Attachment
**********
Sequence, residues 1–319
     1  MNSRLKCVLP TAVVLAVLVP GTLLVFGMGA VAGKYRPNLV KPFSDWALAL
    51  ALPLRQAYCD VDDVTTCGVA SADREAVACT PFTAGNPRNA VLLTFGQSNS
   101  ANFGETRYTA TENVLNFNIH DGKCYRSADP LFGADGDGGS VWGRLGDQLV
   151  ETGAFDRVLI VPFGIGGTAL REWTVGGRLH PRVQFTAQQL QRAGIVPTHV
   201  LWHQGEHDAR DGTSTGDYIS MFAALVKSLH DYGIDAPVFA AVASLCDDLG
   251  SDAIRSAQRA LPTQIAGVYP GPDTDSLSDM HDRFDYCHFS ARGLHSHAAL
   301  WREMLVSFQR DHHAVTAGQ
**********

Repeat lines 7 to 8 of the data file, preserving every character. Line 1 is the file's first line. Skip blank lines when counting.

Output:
   251  SDAIRSAQRA LPTQIAGVYP GPDTDSLSDM HDRFDYCHFS ARGLHSHAAL
   301  WREMLVSFQR DHHAVTAGQ